William Lobley

William Lobley

I am a third year English Language and Literature student, studying at University of Hull, Scarborough campus. Other than writing I enjoy listening to music, playing guitar, gaming, socialising, reading and going to the gym.I hope you enjoy reading my work as much as I enjoy writing it, cheers!

It is pretty kick ass being an Atheist. There are no supernatural elements guiding our way (unless you believe all that ghostly crap) and you don’t have to fear the impending apocalypse (unless you are concerned about North Korea). Atheists can live freely as they chose, be with who they want, when they want and use contraception, plus the only thing to worship on a Sunday is bed. Generally, being an Atheist is the nuts. But other than the self-indulgent perks, what else makes being an Atheist, and is it important?

We have all tried it at one stage or another. After countless nights of lost memory, lost stomach contents and lost dignity: the sober night. Often the result is an awkward and boring night, or a relapse and a desperate attempt to catch up with your inebriated company.  Although it may seem a thing of myth and legend, it is possible to enjoy a sober night out. The key to success is tactics.

Over the past few years, Egypt has found itself in the focus of the world’s media. Social and political instability and disruption are at the heart of such attention. Riots, corruption and the rise of the Muslim Brotherhood have seen Egypt thrown into dismay. Just as the media was beginning to move away from the country, a horrific and brutal event happened, calling into question the progression and any changes to the society. On the 17th of March, two young men were brutally beaten, tortured and lynched.

Some people call it procrastination, some people call it denial. Avoidance, distraction, entertainment; whatever the name, escapism is the goal. But why do we do it? What part of our consciousness finds it necessary to take us away, distract us from fast approaching deadlines and exam revision? There are endless theories, but here are a few of the popular ones.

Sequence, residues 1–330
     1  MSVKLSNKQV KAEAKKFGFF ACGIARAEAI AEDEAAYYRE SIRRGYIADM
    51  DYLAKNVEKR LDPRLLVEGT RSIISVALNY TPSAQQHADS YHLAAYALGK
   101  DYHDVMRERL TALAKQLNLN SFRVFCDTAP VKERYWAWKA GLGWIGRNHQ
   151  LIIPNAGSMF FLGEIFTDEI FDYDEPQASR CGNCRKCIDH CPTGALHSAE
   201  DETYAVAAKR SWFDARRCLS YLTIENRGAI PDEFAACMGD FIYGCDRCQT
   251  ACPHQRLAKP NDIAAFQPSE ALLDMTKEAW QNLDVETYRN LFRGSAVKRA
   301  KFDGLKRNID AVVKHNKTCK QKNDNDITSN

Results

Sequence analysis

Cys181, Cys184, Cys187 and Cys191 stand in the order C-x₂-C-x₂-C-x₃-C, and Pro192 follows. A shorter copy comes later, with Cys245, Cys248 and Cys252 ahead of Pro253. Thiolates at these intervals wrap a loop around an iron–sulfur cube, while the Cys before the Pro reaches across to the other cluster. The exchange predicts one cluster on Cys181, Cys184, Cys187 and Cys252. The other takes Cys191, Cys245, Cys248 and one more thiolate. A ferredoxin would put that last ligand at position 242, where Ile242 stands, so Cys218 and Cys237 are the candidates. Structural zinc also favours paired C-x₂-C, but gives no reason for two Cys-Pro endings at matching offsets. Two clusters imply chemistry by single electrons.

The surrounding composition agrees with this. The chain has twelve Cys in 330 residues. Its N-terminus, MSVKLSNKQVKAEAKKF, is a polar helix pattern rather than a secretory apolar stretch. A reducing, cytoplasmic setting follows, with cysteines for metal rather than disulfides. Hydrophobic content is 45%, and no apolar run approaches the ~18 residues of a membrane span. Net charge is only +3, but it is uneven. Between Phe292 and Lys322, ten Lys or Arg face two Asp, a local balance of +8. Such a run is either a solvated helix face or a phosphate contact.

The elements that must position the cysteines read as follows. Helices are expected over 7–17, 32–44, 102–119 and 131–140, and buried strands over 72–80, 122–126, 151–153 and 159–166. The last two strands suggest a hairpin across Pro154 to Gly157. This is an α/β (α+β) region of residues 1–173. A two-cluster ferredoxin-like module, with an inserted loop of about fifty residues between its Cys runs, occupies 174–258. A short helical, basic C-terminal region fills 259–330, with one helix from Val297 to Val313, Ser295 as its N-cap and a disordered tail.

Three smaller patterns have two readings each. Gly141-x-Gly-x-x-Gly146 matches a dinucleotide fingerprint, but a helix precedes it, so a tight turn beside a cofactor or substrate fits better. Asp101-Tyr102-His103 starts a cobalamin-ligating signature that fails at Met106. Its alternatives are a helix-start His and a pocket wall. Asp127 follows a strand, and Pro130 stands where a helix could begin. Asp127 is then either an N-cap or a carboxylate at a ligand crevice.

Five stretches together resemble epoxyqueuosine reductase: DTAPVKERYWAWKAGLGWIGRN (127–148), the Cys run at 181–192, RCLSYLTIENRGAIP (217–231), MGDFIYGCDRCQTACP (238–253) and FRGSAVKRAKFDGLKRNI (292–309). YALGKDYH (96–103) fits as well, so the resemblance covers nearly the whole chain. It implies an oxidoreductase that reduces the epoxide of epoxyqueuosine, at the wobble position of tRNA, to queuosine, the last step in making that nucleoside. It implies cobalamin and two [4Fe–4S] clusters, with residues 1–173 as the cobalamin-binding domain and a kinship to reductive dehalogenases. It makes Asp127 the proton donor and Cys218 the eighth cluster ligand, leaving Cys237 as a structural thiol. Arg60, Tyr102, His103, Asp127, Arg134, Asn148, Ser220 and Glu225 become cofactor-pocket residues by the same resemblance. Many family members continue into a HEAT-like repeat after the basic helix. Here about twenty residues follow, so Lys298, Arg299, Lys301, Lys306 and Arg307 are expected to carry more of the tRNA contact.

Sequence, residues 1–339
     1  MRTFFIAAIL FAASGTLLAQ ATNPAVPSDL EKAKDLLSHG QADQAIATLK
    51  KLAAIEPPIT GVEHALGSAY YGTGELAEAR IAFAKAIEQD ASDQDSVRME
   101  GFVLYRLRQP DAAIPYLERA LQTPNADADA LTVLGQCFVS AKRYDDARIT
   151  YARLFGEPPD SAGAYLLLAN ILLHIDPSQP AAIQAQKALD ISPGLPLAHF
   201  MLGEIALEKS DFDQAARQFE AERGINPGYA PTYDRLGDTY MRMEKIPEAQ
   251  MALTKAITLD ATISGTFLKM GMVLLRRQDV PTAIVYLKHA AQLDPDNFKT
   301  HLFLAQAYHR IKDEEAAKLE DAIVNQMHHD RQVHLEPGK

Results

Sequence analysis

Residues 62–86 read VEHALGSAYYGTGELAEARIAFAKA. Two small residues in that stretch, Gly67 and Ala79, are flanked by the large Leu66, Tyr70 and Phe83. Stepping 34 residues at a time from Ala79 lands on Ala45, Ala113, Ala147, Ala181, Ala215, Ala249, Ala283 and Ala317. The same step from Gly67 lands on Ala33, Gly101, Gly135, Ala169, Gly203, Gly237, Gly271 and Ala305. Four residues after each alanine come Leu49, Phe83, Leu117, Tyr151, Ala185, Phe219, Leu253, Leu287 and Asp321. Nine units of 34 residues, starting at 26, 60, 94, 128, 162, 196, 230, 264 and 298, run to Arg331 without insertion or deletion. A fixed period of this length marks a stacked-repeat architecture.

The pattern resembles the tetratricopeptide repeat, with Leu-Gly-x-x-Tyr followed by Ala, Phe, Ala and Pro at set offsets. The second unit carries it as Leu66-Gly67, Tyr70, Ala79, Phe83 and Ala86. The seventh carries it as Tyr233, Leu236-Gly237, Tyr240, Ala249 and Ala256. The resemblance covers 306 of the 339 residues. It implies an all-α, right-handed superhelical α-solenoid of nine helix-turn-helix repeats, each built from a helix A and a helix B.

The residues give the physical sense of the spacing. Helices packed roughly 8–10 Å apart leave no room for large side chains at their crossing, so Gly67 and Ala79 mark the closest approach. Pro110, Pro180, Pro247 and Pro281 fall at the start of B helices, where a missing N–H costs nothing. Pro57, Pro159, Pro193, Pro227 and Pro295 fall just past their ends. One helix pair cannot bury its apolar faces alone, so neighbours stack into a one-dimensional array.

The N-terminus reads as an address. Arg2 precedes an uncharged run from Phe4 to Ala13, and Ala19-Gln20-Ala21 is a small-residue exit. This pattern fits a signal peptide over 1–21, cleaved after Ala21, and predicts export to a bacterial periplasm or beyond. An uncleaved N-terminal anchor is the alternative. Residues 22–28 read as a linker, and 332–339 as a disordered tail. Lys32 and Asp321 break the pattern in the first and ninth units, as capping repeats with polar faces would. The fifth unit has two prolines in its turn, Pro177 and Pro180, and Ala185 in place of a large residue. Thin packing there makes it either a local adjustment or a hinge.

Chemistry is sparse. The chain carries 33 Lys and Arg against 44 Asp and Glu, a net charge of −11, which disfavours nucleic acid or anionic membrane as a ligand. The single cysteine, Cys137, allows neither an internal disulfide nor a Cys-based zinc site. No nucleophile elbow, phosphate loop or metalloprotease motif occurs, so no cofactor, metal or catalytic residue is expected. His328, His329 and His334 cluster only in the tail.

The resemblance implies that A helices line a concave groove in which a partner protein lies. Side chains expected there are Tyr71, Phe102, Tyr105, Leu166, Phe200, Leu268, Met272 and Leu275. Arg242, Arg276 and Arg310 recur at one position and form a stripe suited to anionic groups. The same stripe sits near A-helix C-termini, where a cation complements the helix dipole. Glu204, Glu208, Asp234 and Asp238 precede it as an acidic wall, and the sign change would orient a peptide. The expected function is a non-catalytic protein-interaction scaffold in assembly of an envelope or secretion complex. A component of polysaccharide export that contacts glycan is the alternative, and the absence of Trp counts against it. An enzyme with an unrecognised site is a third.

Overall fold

Youth subcultures are forever changing and developing. On arrival, a new subculture is typically met with ridicule and belittlement. The last 'big thing' is replaced, and fades into normality. Guess what? It’s that time again. Results are in, and the next big thing, and therefore the focus of ridicule is… the hipster.

The attraction of social media is understandable. The ability to keep in contact with the people who are important in your life is a valuable commodity. However, the use of social media has evolved into something wholly different to the honorable use as an innocent social hub; it has become a burden to society. Social media is ruining your life, and here is just one reason why.*

It’s hard to exercise when you get to University. The student lifestyle doesn't exactly lend itself to keeping fit. Deadlines, non-existent sleeping patterns, partying and hangovers all take up a lot of time, but once you find space for exercise in your life, you will never look back.

I’m not here to convert anyone, but instead just explain a few things, and defend arguably one of the most influential music genres of the moment. I’m not naive; I can understand why people don’t like dubstep. I’m just here to stick up for it a little…

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